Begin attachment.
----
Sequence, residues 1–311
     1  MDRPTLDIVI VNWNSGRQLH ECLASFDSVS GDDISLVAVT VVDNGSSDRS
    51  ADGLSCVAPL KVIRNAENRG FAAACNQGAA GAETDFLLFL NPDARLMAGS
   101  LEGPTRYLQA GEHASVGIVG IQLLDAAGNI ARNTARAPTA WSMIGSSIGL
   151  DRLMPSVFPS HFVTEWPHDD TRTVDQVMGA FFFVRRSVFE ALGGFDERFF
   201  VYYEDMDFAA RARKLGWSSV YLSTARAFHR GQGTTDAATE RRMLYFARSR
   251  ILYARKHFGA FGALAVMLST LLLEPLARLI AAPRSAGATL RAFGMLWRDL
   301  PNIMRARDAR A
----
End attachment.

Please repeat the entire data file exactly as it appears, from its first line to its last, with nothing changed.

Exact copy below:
Sequence, residues 1–311
     1  MDRPTLDIVI VNWNSGRQLH ECLASFDSVS GDDISLVAVT VVDNGSSDRS
    51  ADGLSCVAPL KVIRNAENRG FAAACNQGAA GAETDFLLFL NPDARLMAGS
   101  LEGPTRYLQA GEHASVGIVG IQLLDAAGNI ARNTARAPTA WSMIGSSIGL
   151  DRLMPSVFPS HFVTEWPHDD TRTVDQVMGA FFFVRRSVFE ALGGFDERFF
   201  VYYEDMDFAA RARKLGWSSV YLSTARAFHR GQGTTDAATE RRMLYFARSR
   251  ILYARKHFGA FGALAVMLST LLLEPLARLI AAPRSAGATL RAFGMLWRDL
   301  PNIMRARDAR A